Rent the Runway is making a big push to get into everyday dressing.
After launching its monthly subscription service for sportswear and accessories last year in a limited beta mode, “Unlimited” is available to all of the site’s five million members. Since last March, 4,000 members were able to rent apparel and accessories from 350 brands and designers.
Jennifer Hyman, cofounder and chief executive officer, said the company added close to 100 new brands over the past year, including Vince, Tory Burch, Saloni, Jason Wu, Marni and Kaufman Franco. In the next month, Prabal Gurung will hit the site.
For $139 a month, members can rent up to three items at a time and keep each piece for as long or little as they want. That means a consumer can keep a particular blazer for three weeks and swap out the dresses she wants to wear with it several times over the same period. The service originally launched for $99 a month last March.
A corresponding Unlimited portion of the Rent the Runway app will be integrated, as well, which Hyman hopes will “be the next Instagram or Uber that you use every single day.”
“To date, for the first six-and-a-half years, it’s been about changing the way that women get dressed on a Saturday night. It’s the first time we’ve become a daily utility,” said Hyman, who added that the company is on track to reach profitability milestones in 2016. Last year, the site and its four stores rented the equivalent of $1 billion of retail inventory.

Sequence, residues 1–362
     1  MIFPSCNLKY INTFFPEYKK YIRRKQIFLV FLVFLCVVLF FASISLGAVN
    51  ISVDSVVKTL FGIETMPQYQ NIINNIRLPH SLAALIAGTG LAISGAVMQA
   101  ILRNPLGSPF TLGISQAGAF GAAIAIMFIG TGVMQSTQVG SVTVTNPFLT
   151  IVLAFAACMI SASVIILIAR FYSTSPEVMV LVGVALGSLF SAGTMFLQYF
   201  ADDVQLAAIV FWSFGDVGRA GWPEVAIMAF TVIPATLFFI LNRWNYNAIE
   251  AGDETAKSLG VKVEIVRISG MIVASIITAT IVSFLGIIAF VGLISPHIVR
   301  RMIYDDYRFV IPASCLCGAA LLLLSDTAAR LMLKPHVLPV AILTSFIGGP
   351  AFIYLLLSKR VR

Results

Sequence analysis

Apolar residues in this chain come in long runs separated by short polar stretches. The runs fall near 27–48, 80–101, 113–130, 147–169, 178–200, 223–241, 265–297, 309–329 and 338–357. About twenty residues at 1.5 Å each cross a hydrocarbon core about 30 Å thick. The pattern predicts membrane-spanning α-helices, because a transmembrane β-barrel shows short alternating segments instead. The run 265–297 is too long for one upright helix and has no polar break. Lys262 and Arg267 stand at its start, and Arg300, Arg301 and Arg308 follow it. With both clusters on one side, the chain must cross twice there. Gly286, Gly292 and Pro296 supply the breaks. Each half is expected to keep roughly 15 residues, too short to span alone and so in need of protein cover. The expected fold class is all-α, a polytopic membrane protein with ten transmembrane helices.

She added: “The inventory has gone through a complete makeover. We launched as a 26- and 29-year-old going to a million parties and weddings and galas. Now we’re in a different phase where the clothes we wear every day and on weekends are way more important than what we wear to a party. We’re growing up.”
In addition to her shifting shopping and rental habits, Hyman has been vocal about wanting to change the way that consumers buy. She doesn’t want women to stop shopping; she wants to reduce the amount of fast-fashion they buy. She envisions a wardrobe for the modern woman who invests in basics and uses the Unlimited service to experiment.
If a member finds she is enamored with any of the items she’s rented, there’s an ability to purchase, with a sliding price based on where it is in the season, how new the piece is and how many times it’s been rented. However, Hyman maintained that less than 10 percent of sportswear rentals the past year were purchased. She attributed that to the more editorial look and feel of the clothing.
She projects that Unlimited will comprise 20 percent of all business by year’s end. While the special-occasion portion of the business will continue to grow, she acknowledged that even if the company is doing its best to connect with its member base, “we’re only able to cater to her 25 times per year, at most.”